“Our culture in 21st Century America is not disconnected from other cultures in time and space. We are part of the same chain, just the latest link in a long chain of development,” Dr. Cosmopoulos says. Research like his is not a theoretical abstract, but produces knowledge that is relevant and useful to today’s societies. He believes it is crucial that we study history, discover its patterns, and improve ourselves by not repeating mistakes from the past.
Dr. Cosmopoulos was born and raised in Athens, where he did his undergraduate work in history and archaeology. His mentor in Greece, retired Washington University professor George Mylonas, worked with him at the Mycenae excavation site and helped him get a scholarship to Washington University in St. Louis, MO.
Dr. Cosmopoulos came to the United States in 1985 to pursue his PhD in classical archeology at Washington University. Afterwards, he was offered a position at the University of Manitoba in Canada and taught there from 1989 to 2001.
He is the author of 15 books and more than 100 articles and scholarly papers on ancient Greece. In addition to Iklaina, he has excavated the ancient sites of Eleusis, Mycenae, Epidaurus, Ancient Corinth, Ithaca, Pylos, and Oropos.
One of those sites, Eleusis, was the sanctuary of an ancient mystery cult devoted to Demeter, Goddess of Agriculture, Nature, Fertility and Life. Mystery cults were a secret movement that operated parallel to the public worship and celebration of the Greek Gods. About 2,000-3,000 people participated every year in the Demeter cult, which focused on the cycles of life. The cult met every year for a thousand years, he says. Between 1000 and 700 BC, changing attitudes toward death created a salvation element to the cult, helping them overcome a fear of death and hope for a better afterlife. He credits the cult with contributing to the development of Christianity.
His interest in archeology and ancient Greece grew out of his efforts to understand the world and our place in it. “The only way we can be happy in life is if we understand who we are inside and also what the forces are that affect our lives on the outside,” he says. “The Greeks were the first culture in our world that tried to understand humanity, what makes us human, what makes us happy.”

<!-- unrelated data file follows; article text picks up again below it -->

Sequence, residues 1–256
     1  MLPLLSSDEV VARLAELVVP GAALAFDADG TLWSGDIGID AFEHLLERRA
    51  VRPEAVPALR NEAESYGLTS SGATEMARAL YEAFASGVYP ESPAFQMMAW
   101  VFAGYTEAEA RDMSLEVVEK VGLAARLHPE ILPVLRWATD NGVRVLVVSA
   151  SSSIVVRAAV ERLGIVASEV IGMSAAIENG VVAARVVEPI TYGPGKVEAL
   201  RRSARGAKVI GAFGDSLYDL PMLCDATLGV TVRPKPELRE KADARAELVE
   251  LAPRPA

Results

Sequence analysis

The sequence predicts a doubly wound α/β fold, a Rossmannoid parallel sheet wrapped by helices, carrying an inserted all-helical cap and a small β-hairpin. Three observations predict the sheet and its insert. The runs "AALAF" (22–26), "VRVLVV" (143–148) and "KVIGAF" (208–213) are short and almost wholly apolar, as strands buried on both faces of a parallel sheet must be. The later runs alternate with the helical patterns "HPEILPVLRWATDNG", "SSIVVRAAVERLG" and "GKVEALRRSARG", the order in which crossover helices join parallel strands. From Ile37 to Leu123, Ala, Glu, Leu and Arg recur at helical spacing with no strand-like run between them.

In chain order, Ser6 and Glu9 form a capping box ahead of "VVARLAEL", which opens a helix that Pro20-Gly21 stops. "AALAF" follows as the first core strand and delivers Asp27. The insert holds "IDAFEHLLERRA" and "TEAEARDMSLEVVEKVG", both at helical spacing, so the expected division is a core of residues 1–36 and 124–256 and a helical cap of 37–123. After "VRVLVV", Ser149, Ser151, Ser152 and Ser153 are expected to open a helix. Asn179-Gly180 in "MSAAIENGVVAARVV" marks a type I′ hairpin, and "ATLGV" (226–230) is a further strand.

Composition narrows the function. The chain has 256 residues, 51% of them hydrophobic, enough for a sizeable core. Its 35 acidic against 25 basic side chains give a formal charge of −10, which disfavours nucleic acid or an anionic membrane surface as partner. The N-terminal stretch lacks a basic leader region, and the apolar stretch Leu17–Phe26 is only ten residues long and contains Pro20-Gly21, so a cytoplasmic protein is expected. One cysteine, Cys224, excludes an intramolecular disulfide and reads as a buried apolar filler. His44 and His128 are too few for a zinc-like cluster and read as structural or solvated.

It is one reason the concept of Democracy emerged in ancient Greece. Greeks have a strong sense of independence. “This sense of independence and personal worth gave rise to the idea of equality, that people are equal in society and no person should have more rights because they were born rich, for example, or are in an aristocratic family or in a privileged set.”
Today, Democracies are at risk, he says. Democracy requires its citizens to be critical thinkers, to be critical of administrations when needed, to be aware of the issues. “Otherwise, it’s Democracy only by name,” he says. “That’s why I’m so concerned about the status of our universities, of our schools. Without good solid education that helps young people develop critical thinking, people run the risk of becoming ideological puppets. Their vote will be based on appearances, not on substance.”
Dr. Cosmopoulos continues his research while also serving as the Endowed Professor in Greek Studies at the University of Missouri in St. Louis, a position he has held since 2001. It is the oldest professorship in Greek Studies in the United States, established 20 years ago. The position is supported by the local Greek community, the Greek government and the state of Missouri.
Because he is an archaeologist, he has been able to offer study programs for his college students in Greece where they have an opportunity to excavate and study. Most of his students are not Greek American. “Students came back saying they were homesick for Greece. They were homesick and I thought that was very touching because they found a connection with the place and the culture.”
On Nov. 24, 2017, the Royal Society of Canada (the National Academy of Arts and Sciences) inducted Dr. Cosmopoulos recognizing his 30 years of contributions to the study of ancient Greek civilizations. “I was a little surprised but very grateful, very honored,” he said. He’s also been inducted into the European Academy of Arts and Sciences and the Academy of Sciences in St. Louis. “My work is being recognized but it also comes from being older,” he jokes.
Dr. Cosmopoulos is married to Dr. Deborah Ruscillo, a fellow archeologist and research associate at Washington University. She is also the head of the science department at Barat Academy. They have three children, two sons, ages 14 and 11; and a daughter, 13.